Get your Portable ID!

Wednesday, November 19, 2008


So I'm working on trying to build a backup NAS for my office, and I'm thinking of using a hardware RAID5 card (3ware 9650SE-4LPML) coupled with OpenSolaris.

Any thoughts, Internets?

Cliff's Notes to Male Personal Ads

I've created a helpful guide to reading a 25-50 year-old man's personal ads for you ladies. Here's what they're actually trying to say.

Hello. I am a male approaching an age where I am no longer confident in my ability to attract the opposite sex and am therefore stepping up the level of urgency of my requests. My own personal qualifications for being involved in a relationship are meaningless from my perspective as I find myself in possession of a penis. In all likelihood, I'm probably useful to somebody if I would just make an effort.

I am seeking a female that will go to bed with me who I will be able to stand looking at and talking to in the morning, with option to extend that to all subsequent mornings for the remainder of either of our lives.

I am not picky, but here is a list of things that I am picky about, which tends to extend to nearly every aspect of your being, most notably those you are not in direct control of and which I should probably ignore.

Please respond immediately, as each passing second in which I have not had a response erodes further my confidence in my ability to attract the opposite sex and vastly increases the likelihood that I will die aspirating in an alleyway under the crushing burden of a substance abuse habit.

No fatties, that just further damages my confidence in my self-worth as it does not properly adhere to the strictures of the modern male self-image which I have been made to accept for the last two to five decades of my life.

Sunday, November 16, 2008

Fallout 3

I've been hooked on Fallout 3 in the spare time I've had in the 4 weeks since it was released, which between moving, meeting with real estate bastards, reading the Night Watch novels, papers for classes and a reticent RAID unit at work, has only been about 50-70 hours. No doubt about it, it's got its claws sunk into me.

When I want to like a game this badly, its defects scrabble at me with their tiny claws. Eventually those defects and limitations prove enough of an irritation that I actually spend some time thinking about them and realize that they really should have caught this crap in the design stages.

My chief complaints with Fallout 3 isn't that it is "Oblivion with guns" as the common complaint is phrased. I'm OK with "Oblivion with guns." I kinda wished I had a sniper rifle the entire time I was playing Oblivion. Also, it's more than just that. My problem is that it's Oblivion - with all of its defects, shortcomings and just plain design no-nos - with a better game nailed onto its ass like a massively expensive game of Pin the Tail on the Donkey.

And make no mistake, Fallout 3 is a better game than Oblivion. The plot is more interesting and delivered better. The few developed characters are more interesting, the random events are far more interesting, there are a more quests than the previous two Fallouts AND Oblivion combined, the areas are more unique than in Oblivion... The list does go on. The number of improvements they've made in their delivery, storytelling style and the extent to which they've resisted Bethesdaisms is commendable. But the flaws are still there, and the most glaring ones should probably be considered inexcusable in this day and age.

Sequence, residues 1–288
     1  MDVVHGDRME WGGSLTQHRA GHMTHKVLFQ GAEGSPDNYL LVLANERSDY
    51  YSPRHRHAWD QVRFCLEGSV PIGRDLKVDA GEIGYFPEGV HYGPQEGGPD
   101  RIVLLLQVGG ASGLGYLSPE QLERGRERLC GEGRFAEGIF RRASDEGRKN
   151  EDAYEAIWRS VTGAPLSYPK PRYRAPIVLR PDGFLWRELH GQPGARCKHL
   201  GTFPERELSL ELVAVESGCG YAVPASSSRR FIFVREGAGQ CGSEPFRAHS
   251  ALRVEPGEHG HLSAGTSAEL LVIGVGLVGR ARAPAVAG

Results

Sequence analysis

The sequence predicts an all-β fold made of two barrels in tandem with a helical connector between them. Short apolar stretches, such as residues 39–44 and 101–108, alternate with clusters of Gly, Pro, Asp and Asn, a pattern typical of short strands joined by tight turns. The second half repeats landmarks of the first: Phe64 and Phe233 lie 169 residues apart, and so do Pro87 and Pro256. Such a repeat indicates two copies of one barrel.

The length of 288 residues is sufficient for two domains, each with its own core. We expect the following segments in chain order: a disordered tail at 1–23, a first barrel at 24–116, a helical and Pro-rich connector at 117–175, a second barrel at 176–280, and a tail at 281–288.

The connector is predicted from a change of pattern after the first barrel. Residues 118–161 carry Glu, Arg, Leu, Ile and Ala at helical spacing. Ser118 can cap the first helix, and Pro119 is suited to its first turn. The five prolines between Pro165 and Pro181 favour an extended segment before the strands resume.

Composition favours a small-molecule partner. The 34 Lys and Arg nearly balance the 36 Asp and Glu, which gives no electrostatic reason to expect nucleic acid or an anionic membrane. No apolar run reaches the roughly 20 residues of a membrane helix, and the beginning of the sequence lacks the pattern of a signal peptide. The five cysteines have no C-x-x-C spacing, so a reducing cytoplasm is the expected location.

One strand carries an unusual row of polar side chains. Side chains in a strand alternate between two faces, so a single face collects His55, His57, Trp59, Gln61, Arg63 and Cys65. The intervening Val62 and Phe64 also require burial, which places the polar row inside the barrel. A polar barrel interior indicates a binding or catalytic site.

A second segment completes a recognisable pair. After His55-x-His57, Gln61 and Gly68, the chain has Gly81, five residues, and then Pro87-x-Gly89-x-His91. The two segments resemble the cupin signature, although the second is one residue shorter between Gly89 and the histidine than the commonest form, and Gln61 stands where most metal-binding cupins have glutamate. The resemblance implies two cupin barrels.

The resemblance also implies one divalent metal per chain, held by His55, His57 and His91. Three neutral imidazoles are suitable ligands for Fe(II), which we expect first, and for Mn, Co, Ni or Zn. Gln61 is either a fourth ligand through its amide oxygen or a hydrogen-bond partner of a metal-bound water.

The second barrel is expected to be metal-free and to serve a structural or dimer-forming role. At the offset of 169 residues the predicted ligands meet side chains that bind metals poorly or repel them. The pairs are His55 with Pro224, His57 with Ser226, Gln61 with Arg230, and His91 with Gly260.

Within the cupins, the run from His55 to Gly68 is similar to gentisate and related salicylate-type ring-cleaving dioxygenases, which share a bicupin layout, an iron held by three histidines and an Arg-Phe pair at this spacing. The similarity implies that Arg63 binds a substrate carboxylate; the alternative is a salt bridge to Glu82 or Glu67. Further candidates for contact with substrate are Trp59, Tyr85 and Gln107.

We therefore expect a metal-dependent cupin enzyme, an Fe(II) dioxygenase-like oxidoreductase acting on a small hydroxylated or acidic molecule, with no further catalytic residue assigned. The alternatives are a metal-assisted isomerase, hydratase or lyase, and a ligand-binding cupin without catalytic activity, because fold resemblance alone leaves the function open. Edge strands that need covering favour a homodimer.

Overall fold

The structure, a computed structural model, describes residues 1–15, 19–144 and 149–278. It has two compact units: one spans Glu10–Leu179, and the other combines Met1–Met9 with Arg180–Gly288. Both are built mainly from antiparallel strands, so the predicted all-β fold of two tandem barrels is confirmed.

I shall enumerate them on my patent-pending Fail-O-Meter whose range goes from 1 to 11, from "Actually, not fail" to "Epic Fail."

  • Vampires(8) - Seriously? Fucking vampires. Are you people so horny for the dead that you cannot make a single fucking game without vampires in them? Burn your Anne Rice books, then your Brian Lumley books, then yourself for good measure. While not actually a fail per-se, the vampire subquests were so incredibly lamely veiled love notes to vampires that it came across like a child's stick figure drawing of you and Count Chocula holding hands and kissing. Whoever at your company is responsible for this should be fired, and immediately, so they stop frou-frouing up your games.

  • Texture art(11) - EPIC FUCKING FAIL. The issue isn't the quality of the art, which I'll get back to, but the god damned compression. When somebody can put out a texture mod within 2 weeks of every single one of your product releases since Morrowind which triples the quality of the textures without having any impact on performance or file size, you need to fire your textures people and hire people who actually understand how to do computer art.

    Back to the quality issue, you still need to fire the guy who does human faces, they're ugly as fuck. Also, in a world in which there is so god damned much turpentine that you can hardly walk around without tripping on some, why is everything still so fucking dirty? Presumably because there isn't a single rag left in the world after they dropped the Ragomic bomb on the Wasteland to make sure that nobody could make molotovs from all the ridiculous amount of scotch and vodka laying around to use against the Chinese.

  • Movement and hit detection(8) - Seriously, this crap wasn't even good enough when Morrowind came out, and now is 6 years later. You move around like a guy on top of a very sticky ball who is propelled by somebody pushing him around by the head. Simple small slopes are unclimbable and at any given time, trying to climb over some feebly constructed and strangely placed pile of rubble which couldn't have fallen there because the ceiling above is intact, you may become irrevocably stuck, requiring you to load a save game to get out, because your character is too stupid to understand climbing and too weak to climb out of a hole that is knee deep and steeply walled. When jammed in this situation, should you decide to shoot past a piece of rubble that is more open space than solid to hit some enemy who is no doubt approaching to laugh at you for being too stupid to extricate yourself from a small pile of debris, you will find yourself hitting thin air, or aiming for a tiny piece of rebar which, if you were mad and spatially retarded, might be considered between you and your target. Hit detection fail, collision detection fail, movement engine fail. Redo your engine - it doesn't cut it in 2008, and it certainly won't cut it in 2010. This is not difficult - people have had better movement engines than this since the late nineties.

  • Enemies(7) - As with Oblivion, the world is populated by four kinds of people:
    1. people who are invincible because the writers couldn't figure out how to deal with the fact you killed them
    2. people who aren't invincible but are holy and sacred and the universe themselves protects them so if you kill them you're the worst person ever - even if that person is a complete and utter douchebag who deserves death and you can tell before their lame giveaway plot lets you know it's OK to kill them